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What are the Different Methods of Pharmaceutical Quality Control?

By Jen Ainoa
Updated May 17, 2024
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The different methods of pharmaceutical quality control include, but are not limited to, inspections conducted by government agencies, the drafting and adherence of a detailed standard operating procedure (SOP), and periodic collecting and testing of products by employees of the company. Inspection of the facilities of pharmaceutical companies and product assays conducted by outside agencies are among the best quality control methods. Pharmaceutical quality control involves ensuring the cleanliness of facilities, the calibration and efficiency of laboratory equipment, the adherence of workers to procedures, and the degree of purity of ingredients.

One common method of pharmaceutical quality control is gas chromatography mass spectrometry. Gas chromatography mass spectrometry involves subjecting a mixture, such as a medication or drug, to a chemical analysis in which the unique signature and quantity of every substance in the drug is identified and displayed. This test will indicate exactly the quantity of the specific chemicals present in the product. While this is only one of the different methods of pharmaceutical quality control, gas chromatography mass spectrometry is highly accurate and relatively simple to do.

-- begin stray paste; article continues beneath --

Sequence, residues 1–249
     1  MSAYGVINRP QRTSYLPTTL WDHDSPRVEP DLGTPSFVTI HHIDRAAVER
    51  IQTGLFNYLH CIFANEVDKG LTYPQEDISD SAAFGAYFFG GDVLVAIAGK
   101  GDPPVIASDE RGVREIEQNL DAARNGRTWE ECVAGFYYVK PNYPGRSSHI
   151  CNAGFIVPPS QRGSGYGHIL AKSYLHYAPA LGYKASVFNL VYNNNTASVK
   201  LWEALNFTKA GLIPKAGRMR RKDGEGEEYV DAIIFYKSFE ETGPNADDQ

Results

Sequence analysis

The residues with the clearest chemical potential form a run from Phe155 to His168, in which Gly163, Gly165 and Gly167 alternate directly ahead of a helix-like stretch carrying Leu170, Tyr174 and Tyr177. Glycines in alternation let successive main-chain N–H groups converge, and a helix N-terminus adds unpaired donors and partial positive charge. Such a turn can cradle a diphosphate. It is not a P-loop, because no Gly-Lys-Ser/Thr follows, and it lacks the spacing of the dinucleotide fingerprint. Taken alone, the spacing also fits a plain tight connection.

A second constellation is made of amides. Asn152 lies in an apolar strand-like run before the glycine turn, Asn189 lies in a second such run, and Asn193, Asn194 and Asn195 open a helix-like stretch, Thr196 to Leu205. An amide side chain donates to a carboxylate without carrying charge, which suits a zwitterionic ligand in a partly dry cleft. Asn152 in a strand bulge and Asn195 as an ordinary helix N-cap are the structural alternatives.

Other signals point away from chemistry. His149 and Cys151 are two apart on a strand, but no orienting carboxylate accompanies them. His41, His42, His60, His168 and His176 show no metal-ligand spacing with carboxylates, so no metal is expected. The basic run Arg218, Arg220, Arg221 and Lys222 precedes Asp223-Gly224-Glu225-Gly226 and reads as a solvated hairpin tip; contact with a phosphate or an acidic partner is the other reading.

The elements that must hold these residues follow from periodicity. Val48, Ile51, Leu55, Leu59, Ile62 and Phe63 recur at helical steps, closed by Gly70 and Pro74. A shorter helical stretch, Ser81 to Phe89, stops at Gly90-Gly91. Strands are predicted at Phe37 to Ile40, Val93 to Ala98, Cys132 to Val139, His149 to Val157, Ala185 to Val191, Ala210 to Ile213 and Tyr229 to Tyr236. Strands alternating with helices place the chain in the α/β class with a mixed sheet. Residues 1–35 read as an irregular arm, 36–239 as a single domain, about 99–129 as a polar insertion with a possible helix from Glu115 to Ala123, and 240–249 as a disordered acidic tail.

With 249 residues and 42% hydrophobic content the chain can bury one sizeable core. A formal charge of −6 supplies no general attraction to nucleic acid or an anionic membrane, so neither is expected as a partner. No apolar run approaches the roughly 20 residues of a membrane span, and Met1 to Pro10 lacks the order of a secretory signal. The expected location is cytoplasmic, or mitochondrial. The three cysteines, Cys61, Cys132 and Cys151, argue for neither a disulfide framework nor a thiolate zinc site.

Companies that manufacture drugs for sale and distribution in the United States are subject to strict rules and procedures enforced by the Food and Drug Administration (FDA). Firms must register and list every active pharmaceutical ingredient in commercial distribution. Furthermore, the FDA requires pharmaceutical companies to control and monitor all possible means of contamination of the product, both microbial and chemical, in the SOP.

Employees working in the manufacture of pharmaceuticals must know and follow established laboratory guidelines as clearly spelled out the SOP. One of the most important of these is careful attention to the keeping of laboratory records and logs. These logs are carefully scrutinized during inspections. Employees are expected to have a working knowledge of all analytical procedures and to fully carry them out with fidelity. Hand washing and use of laboratory aprons and gloves would be typical procedures workers would be expected to follow to ensure quality control.

While many pharmaceutical companies have high standards of quality control and make every effort to supply an outstanding product, this is not always the case. The integrity of a pharmaceutical manufacturer is not a guarantee, and counterfeit drugs are manufactured and manage to be sold in reputable pharmacies. Inspectors are often backlogged and do not visit a company for months at a time, and companies with violations usually are fined and given warnings before being forced to close. It never hurts to ask your pharmacist which drug companies they order from, and then do a little research into the reputation of those companies before buying a medication.

About Mechanics is dedicated to providing accurate and trustworthy information. We carefully select reputable sources and employ a rigorous fact-checking process to maintain the highest standards. To learn more about our commitment to accuracy, read our editorial process.
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